"She paid her bill, and paid yours too.

She left this note to give to you."
These written words my eyes did see:
"Someone once did the same for me;
Please pass to someone else some time."

Tuesday, January 13, 2009

Help Someone Cry

One of my New Year's resolutions was to give more time to "A" priority tasks. For those of you who've never studied the art of organization, that refers to a system of ranking "things to do" by letter: "A" for extremely important, "B" for pretty important, "C" for not all that important, and--sometimes--"D" for "not worth doing until all the others are finished." A major irony of life is that "A" priority tasks--those we instinctively recognize as advancing the larger missions God made us for--are often the easiest to put off, while "C" and "D" tasks--vacuuming the floor six times a week, composing detailed responses to every e-mail--are very good at instilling a sense of obligation. Most people, when they first start taking time management seriously, find that their schedules need painful surgery to remove things that seem important but aren't.

All of which is leading up to this announcement: I have concluded that regardless of what business experts recommend, adding new blog entries three to five times a week is not among God's current "A" priorities for my life. So until further notice, installments are being cut back to once a week.

Not that setting priorities is simply a matter of choosing certain physical tasks over others. All masters of time management, be they Christians or otherwise, are sure of "life's purpose" and give top priority to whatever things further that end. Whatever a Christian's specific ministry, his or her "purpose" must be in accord with Jesus's words: "Seek first [God's] kingdom and his righteousness... 'Love the Lord your God with all your heart and with all your soul and with all your mind.' This is the first and greatest commandment. And the second is like it: 'Love your neighbor as yourself'" (Mt. 6:33; 22:37-39, NIV).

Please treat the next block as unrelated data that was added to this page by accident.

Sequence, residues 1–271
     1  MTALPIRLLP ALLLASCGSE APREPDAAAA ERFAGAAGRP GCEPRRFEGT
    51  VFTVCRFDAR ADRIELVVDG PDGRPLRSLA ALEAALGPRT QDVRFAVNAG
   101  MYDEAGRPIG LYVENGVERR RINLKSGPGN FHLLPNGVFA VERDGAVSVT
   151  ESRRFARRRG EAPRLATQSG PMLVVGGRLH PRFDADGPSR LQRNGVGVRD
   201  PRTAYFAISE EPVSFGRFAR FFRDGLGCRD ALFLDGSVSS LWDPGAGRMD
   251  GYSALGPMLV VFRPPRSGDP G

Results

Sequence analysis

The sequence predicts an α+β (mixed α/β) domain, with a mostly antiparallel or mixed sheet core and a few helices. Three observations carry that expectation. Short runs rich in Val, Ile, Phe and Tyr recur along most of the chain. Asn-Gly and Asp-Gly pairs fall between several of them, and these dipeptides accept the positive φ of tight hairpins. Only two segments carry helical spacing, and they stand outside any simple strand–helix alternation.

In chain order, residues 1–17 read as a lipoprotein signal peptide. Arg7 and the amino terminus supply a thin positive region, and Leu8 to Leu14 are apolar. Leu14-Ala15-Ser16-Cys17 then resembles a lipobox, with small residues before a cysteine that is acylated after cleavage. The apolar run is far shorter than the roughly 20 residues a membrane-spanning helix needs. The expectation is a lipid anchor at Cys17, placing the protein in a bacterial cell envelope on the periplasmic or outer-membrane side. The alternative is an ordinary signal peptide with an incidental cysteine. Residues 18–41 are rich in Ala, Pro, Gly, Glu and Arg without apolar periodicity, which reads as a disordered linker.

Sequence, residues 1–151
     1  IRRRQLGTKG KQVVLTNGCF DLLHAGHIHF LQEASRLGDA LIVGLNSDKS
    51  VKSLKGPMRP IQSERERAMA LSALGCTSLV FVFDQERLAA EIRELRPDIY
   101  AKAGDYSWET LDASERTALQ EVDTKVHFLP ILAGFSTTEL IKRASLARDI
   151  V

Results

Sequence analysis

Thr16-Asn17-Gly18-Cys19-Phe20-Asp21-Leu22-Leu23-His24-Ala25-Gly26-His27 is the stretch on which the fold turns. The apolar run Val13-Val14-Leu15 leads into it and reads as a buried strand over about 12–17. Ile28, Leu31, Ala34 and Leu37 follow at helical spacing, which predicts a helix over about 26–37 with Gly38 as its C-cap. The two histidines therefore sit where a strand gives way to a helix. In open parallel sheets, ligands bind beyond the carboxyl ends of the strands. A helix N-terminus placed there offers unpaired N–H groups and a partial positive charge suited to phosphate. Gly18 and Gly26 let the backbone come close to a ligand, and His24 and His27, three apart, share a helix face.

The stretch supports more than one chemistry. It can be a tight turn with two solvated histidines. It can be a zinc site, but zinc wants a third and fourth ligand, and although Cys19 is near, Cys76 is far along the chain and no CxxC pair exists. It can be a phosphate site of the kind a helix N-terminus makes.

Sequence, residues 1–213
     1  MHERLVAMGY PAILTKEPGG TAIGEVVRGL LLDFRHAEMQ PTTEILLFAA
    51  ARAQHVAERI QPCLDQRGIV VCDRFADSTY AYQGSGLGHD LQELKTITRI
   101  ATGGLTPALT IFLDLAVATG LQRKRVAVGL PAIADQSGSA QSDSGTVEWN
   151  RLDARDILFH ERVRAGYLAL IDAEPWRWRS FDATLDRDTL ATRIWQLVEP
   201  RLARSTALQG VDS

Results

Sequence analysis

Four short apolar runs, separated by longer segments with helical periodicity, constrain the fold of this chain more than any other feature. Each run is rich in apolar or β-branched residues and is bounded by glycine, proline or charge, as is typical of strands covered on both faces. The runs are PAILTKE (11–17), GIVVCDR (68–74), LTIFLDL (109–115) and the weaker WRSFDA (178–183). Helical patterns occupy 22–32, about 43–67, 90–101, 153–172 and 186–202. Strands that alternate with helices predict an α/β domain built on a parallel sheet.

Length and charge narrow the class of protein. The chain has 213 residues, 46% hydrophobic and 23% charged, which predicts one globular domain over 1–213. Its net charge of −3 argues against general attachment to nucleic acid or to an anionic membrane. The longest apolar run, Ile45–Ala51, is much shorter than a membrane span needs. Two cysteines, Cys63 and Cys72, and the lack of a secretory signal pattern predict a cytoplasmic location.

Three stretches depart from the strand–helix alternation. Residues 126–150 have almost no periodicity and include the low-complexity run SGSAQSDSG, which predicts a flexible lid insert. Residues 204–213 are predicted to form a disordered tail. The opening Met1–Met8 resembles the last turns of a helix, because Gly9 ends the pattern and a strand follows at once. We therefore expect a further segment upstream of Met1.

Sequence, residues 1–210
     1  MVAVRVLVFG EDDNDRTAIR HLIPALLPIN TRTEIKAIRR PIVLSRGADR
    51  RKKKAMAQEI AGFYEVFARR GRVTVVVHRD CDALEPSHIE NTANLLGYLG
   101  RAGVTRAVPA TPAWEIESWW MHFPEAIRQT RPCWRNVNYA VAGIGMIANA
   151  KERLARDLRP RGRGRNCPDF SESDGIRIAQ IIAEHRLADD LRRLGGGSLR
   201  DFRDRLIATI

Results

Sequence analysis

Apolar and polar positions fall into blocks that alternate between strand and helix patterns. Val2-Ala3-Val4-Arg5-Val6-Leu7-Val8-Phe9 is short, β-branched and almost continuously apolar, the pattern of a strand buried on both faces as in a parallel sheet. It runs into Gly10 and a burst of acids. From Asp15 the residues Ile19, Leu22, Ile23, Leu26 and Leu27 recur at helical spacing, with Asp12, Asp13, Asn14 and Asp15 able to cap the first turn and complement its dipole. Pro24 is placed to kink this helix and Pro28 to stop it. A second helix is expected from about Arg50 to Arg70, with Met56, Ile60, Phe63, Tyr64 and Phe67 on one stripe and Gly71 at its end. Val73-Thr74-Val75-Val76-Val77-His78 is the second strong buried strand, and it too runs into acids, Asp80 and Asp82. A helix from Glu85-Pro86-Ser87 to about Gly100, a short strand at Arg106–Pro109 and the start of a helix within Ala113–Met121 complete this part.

Strangely, those of us who claim to love God often let "His work" interfere with loving our neighbors. A friend desperately needs an understanding ear--and we brush her off because we're late for church. A first-time volunteer proves a slow learner--and we get impatient with him for spoiling program efficiency. We turn our church work into just another bottom-line business.

Or, if we know we can't "make everything right," we do nothing. Many people, having suffered through traumatic illness, unjust scandal, or loss of loved ones, have had friends appear only after the dust has settled and say, "I wanted to be there for you, but I didn't know what to do!" It's cold comfort. Paul's advice in Rom. 12:15 is much better: "mourn with those who mourn." Don't feel you must solve your friends' problems; don't hand out unrequested advice; don't say "it's all for the best"; and definitely don't tell them how they could have avoided the tragedy in the first place. Just let them know, in action with minimum words, that you feel for them--that you feel with them.

Here as in many other aspects of life, children often understand the godly approach better than adults (see also previous blog entry), as did one little girl who came home half an hour late. She had been delayed, she explained, because a friend's favorite toy had been broken "and I had to stop and help her cry."

Even when a problem is fixable, anyone who is hurting deeply needs human feeling in the solution, not just a mechanical "there, it's all done" approach. Parents understand this when they apply not only antiseptic and bandage, but also a kiss, to small injuries.

And didn't Jesus Himself solve our sin problem through His own suffering?

"Amanda, why were you out so late?"
"Cindy’s dolly broke her eye."
"So you stopped to help Cindy fix it up?"
"No, I stopped to help her cry."

So many of us turn away from pain,
Feeling helpless to even try:
But if we can do nothing to fix things up,
We at least can help someone cry.

Thursday, January 8, 2009

Between the Parent and the Child